Many people in the NYC horticultural community know Dr. Martin Schreibman and his work but it’s doubtful that many in the population at large know about him and his work at Brooklyn College. Dr. Schreibman wasn't a presenter at the recent TEDxManhattan "Changing the Way We Eat" event but Marianne Cufone was (watch this video). Martin is a board member of the Recirculating Farms Coalition.
Martin is also the founder and Director Emeritus of Brooklyn College’s Aquatic Research and Environmental Assessment Center (AREC). It’s a long name to remember but a key part of AREC is its aquaponics lab (the symbiotic raising of both fish and plants).
There is little doubt that aquaponics is playing a key roll in developing facilities for localized urban food production. It is a modern method and the antithesis of throwing tons of dirt on the roof of an industrial building to create a traditional “farm”. Urban dirt farming may seem like a good idea at this time but there are much better ways to create a profitable urban food production business.
We already have well-known pathfinders in the aquaponics movement in Growing Power and Sweetwater Organics in Milwaukee. There are many others springing up around the country. Two good ways to keep up with the trend is to tune in to activities of the Recirculating Farms Coalition (see prior post) and the burgeoning Aquaponics Association (more about it coming soon).
The recent TEDxManhattan event gave new hope that we can move the current rather recalcitrant urban agriculture movement into the 21st Century. It was great to see progressive people like Marianne Cufone (Recirculating Farms Coalition), Paul Lightfoot (BrightFarms) and Howard Hintertheur (Center for Veterans Issues and one of the creators of Sweetwater Organics) on the TEDxManhattan program.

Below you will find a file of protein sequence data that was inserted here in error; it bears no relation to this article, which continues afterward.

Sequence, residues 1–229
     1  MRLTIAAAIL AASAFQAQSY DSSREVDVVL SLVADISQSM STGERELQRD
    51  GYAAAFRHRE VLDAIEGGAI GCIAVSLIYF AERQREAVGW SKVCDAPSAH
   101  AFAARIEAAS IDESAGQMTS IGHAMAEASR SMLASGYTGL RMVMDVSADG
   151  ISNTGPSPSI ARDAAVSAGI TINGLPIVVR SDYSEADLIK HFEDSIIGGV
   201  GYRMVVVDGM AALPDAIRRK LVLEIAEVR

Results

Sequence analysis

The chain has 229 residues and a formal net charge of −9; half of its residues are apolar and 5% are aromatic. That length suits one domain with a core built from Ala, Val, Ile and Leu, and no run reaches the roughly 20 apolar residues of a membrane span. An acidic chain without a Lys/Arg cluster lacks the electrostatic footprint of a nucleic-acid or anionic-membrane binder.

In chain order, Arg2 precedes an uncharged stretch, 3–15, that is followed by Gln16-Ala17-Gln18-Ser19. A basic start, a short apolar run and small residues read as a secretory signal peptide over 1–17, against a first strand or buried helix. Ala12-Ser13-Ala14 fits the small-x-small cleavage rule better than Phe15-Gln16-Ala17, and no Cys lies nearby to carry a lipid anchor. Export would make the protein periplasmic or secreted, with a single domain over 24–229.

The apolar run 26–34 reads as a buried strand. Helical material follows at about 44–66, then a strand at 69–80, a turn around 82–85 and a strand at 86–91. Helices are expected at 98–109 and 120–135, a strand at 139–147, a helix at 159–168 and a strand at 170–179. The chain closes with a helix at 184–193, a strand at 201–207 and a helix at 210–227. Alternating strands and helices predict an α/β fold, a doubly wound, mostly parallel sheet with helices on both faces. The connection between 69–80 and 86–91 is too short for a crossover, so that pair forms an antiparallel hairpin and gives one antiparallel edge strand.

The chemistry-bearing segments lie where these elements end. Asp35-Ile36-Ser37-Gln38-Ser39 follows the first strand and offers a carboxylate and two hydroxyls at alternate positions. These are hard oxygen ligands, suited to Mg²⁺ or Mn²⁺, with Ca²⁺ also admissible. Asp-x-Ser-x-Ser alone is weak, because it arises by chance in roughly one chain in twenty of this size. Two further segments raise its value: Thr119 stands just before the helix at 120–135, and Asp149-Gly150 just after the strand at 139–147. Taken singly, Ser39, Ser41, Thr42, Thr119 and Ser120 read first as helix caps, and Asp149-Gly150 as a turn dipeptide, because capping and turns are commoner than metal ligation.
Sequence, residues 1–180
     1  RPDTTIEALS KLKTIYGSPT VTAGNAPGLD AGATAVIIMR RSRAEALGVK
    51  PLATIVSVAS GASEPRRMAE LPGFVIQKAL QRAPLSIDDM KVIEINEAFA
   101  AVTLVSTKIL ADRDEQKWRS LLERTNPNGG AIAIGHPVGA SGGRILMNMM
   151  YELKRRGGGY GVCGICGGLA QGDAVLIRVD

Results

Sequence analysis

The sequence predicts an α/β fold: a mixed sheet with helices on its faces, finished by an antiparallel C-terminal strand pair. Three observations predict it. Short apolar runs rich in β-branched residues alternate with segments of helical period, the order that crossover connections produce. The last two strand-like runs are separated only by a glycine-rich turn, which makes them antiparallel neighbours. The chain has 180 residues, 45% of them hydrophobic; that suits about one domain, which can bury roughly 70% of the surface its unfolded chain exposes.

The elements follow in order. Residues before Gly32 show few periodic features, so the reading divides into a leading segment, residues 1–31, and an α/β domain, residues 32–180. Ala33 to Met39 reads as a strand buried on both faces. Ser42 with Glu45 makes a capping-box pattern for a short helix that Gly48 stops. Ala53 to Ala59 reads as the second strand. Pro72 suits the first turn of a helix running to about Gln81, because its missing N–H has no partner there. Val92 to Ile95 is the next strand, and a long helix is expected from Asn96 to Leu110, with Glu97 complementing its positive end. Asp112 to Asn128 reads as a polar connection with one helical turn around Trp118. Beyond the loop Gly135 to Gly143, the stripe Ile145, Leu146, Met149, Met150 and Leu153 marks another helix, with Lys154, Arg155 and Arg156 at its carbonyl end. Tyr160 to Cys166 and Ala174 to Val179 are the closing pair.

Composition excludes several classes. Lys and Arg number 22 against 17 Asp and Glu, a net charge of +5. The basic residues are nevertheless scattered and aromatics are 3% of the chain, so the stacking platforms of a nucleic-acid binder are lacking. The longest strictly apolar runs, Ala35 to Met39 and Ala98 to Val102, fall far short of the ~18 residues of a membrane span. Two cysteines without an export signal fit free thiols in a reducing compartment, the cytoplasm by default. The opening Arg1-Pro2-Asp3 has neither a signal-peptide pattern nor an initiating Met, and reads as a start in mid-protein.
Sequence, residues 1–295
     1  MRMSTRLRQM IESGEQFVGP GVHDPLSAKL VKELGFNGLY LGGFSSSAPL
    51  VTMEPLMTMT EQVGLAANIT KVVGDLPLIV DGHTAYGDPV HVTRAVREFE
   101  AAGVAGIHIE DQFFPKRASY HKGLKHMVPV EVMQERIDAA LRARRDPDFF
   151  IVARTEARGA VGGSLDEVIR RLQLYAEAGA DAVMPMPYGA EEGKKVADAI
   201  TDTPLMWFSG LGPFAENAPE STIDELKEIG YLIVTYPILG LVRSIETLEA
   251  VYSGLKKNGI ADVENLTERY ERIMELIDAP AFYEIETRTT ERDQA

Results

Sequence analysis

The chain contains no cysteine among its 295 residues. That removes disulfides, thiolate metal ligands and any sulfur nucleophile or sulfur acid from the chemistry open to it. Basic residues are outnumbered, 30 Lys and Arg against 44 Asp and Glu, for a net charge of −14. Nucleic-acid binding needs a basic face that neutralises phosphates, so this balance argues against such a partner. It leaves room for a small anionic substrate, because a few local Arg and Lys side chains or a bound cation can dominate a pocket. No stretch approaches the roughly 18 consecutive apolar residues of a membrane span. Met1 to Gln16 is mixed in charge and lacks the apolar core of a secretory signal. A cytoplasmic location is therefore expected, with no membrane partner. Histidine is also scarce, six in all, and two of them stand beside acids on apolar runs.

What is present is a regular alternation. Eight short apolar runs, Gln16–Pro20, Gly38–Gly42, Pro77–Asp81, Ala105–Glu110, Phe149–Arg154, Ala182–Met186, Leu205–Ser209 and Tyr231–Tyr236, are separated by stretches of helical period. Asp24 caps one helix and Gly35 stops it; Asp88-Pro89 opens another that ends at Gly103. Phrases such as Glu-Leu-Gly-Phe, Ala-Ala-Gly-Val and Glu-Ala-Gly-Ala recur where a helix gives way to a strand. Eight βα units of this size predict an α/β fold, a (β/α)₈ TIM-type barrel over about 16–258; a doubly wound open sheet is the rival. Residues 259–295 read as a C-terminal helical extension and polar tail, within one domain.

Diane Hatz the main organizer and host of TEDxManhattan did a superb job of assembling a very interesting menu of speakers. I look forward to seeing videos of all the presentations (coming soon) and participating in the next event.
MARTIN P. SCHREIBMAN, PhD — Distinguished Professor Emeritus of Biology at the City University of New York’s Brooklyn College, Dr. Schreibman helped perfect a model for sustainable urban farming using cutting edge technology, recirculating aquaculture systems (RAS), to grow fish. Professor Schreibman is the founder and Diretor Emeritus of Brooklyn College’s Aquatic Research and Environmental Assessment Center (AREAC), a research facility devoted to the study of aquatic organisms — how they grow, adapt, reproduce, and live in all temperatures and environments. He and a multidisciplinary team of researchers seek to answer questions about medicine, nutrition, pollution, aquaculture, fisheries, and marine ecology. AREAC’s projects include bivalve and fish aquaculture, breeding horseshoe crabs, educational outreach, and product commercialization. Dr. Schreibman has devoted the past eight years to developing urban aquaponics — growing both fish and plants together in a symbiotic water re-use system. Over the past 15 plus years, his recirculating farming techniques have been used for assorted projects — even in outer space. In 1998, on the space shuttle Endeavor, he worked with Dr. Volker Bluem of Germany to develop a small system to test whether growing fresh food in space could be an option for lengthy trips. Dr. Schreibman is a Board Member for the Coalition.